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  #1  
Old 28-05-2018, 02:41 PM
Tropo-Bob (Bob)
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Join Date: Sep 2013
Location: Cairns
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Corona Borealis- The Grand Tour

This main stars in the 'Northern Crown' form an obvious arc, wherein, Alpha to Epsilon are appear close together in the sky. Indeed, it is probably only in the 'Southern Crown' where the first five stars appear more closely associated.

Corona Borealis is somewhat of a "Moonlight Constellation". There are no DSOs to view here and indeed the faintest star here is normally only at Mag 10.


Below are the subjects in Corona Borealis that I wish to view:-

The Main Stars:

Alpha Coronae Borealis. A binary star with a period of around 17 days. An unusual star in the sense of being hydrogen deficient. Alpha is thought to have been two-white-drawf stars that have previously merged.
https://en.wikipedia.org/wiki/Alpha_Coronae_Borealis
https://en.wikipedia.org/wiki/Corona_Borealis

Beta Coronae Borealis. Another binary star with a 10 year period and a seperation of 0.25 arc seconds, which is way-too-small a gap for my equipement to resolve.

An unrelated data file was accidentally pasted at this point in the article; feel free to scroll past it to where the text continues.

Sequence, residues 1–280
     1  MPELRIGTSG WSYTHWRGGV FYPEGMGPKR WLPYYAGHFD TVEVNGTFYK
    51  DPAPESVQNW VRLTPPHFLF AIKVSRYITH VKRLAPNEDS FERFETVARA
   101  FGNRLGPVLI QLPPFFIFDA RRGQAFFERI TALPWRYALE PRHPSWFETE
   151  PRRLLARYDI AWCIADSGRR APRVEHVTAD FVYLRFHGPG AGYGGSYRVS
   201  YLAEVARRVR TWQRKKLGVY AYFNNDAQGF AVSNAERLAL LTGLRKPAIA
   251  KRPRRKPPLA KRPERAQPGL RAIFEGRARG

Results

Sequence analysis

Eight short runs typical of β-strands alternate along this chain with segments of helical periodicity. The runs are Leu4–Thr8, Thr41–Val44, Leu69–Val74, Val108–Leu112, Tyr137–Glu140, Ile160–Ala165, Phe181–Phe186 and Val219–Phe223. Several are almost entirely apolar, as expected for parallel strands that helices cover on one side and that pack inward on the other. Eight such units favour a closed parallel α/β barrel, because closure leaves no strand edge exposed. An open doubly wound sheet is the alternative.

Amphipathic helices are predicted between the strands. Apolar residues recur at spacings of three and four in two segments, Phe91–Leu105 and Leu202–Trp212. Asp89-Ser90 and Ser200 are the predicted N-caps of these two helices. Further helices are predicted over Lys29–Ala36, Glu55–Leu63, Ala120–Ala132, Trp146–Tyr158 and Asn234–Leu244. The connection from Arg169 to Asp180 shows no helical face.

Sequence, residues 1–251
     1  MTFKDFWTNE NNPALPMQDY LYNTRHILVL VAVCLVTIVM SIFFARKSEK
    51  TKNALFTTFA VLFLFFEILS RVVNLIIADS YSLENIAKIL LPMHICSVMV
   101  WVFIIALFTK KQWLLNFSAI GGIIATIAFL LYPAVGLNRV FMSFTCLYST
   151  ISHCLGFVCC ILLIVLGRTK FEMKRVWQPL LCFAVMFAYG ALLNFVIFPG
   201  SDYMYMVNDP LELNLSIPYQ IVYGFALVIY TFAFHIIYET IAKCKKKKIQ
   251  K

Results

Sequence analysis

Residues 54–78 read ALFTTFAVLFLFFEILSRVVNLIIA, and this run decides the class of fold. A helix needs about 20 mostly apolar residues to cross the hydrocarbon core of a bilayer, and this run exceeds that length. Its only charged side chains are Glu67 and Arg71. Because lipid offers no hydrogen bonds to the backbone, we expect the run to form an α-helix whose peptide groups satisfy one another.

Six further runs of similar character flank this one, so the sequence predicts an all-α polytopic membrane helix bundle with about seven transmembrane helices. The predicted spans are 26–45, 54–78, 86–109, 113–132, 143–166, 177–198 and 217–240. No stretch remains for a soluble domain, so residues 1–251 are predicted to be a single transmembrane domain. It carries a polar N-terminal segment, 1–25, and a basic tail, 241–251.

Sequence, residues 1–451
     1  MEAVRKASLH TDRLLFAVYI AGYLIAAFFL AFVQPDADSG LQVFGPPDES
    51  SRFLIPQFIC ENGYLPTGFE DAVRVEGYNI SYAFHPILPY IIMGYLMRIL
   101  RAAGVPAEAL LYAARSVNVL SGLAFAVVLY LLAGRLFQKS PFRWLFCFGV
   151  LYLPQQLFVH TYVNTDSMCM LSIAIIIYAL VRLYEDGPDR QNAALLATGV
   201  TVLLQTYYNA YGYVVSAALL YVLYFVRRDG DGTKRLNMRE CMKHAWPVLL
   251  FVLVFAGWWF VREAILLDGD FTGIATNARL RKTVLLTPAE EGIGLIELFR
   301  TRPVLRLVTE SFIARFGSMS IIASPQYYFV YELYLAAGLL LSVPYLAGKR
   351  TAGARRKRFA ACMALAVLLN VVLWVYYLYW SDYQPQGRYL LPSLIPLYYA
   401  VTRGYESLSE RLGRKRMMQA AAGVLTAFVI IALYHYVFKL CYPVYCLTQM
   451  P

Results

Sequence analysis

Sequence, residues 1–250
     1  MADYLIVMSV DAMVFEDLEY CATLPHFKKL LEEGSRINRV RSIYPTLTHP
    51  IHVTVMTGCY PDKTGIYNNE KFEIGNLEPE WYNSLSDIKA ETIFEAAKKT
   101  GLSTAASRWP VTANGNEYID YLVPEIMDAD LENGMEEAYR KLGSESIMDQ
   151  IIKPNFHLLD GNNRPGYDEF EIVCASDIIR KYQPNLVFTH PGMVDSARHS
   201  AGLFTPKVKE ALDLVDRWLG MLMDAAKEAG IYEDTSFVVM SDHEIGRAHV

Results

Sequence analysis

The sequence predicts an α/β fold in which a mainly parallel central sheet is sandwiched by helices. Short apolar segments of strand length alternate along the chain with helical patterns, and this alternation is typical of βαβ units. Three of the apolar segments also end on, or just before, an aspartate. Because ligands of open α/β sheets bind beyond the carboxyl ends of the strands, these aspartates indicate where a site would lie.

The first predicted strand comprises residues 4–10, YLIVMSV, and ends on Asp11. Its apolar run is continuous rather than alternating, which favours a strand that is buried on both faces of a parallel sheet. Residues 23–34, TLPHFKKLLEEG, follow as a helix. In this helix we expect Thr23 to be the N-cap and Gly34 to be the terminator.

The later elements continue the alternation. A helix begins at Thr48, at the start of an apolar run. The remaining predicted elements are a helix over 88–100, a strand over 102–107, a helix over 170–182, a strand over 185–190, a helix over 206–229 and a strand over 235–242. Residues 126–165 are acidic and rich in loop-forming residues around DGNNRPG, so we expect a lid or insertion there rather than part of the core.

https://en.wikipedia.org/wiki/Beta_Coronae_Borealis

Gamma Coronae Borealis. This consellation is full on binaries! Gamma has a 90 year period and a separation of less than 1 arc second.
https://en.wikipedia.org/wiki/Gamma_Coronae_Borealis

Delta Coronae Borealis. This star is in the process of transitioning to be a giant. Delta is also known for having magenitic variations similiar to those of our Sun.
https://en.wikipedia.org/wiki/Delta_Coronae_Borealis
http://stars.astro.illinois.edu/sow/deltacrb.html

Epsilon Coronae Borealis. Epsilon is an orange giant with an orange dwarf companion, whose orbit takes 900 years.
https://en.wikipedia.org/wiki/Epsilon_Coronae_Borealis


Other objects of interest:

T Coronae Borealis (The Blaze Star). This famous star has featured two seperate nova outbursts some 80 years appart. The last was in 1946, so another could be due any time now! The star can be seen shining at 10th magnitude in its normally quiet state. It may go supernova at some stage and if so, it could appear with the brightness of a crescent Moon.
https://en.wikipedia.org/wiki/T_Coronae_Borealis

Zeta Coronae Borealis. An easy double for small telescopes.
https://en.wikipedia.org/wiki/Zeta_Coronae_Borealis

Sigma Coronae Borealis. Another fine double where the main star is similiar to our Sun.
https://en.wikipedia.org/wiki/Sigma_Coronae_Borealis

Nu Coronae Borealis. A double said to be visible to the unaided eye. The two components are unrelated and are approximately 60 lightyears from each other.
https://en.wikipedia.org/wiki/Nu_Coronae_Borealis
https://en.wikipedia.org/wiki/Nu1_Coronae_Borealis
https://en.wikipedia.org/wiki/Nu2_Coronae_Borealis

R Coronae Borealis. (A reverse nova). This star is normally around magnitude 6, but can drop to around mag 15.
https://en.wikipedia.org/wiki/R_Coronae_Borealis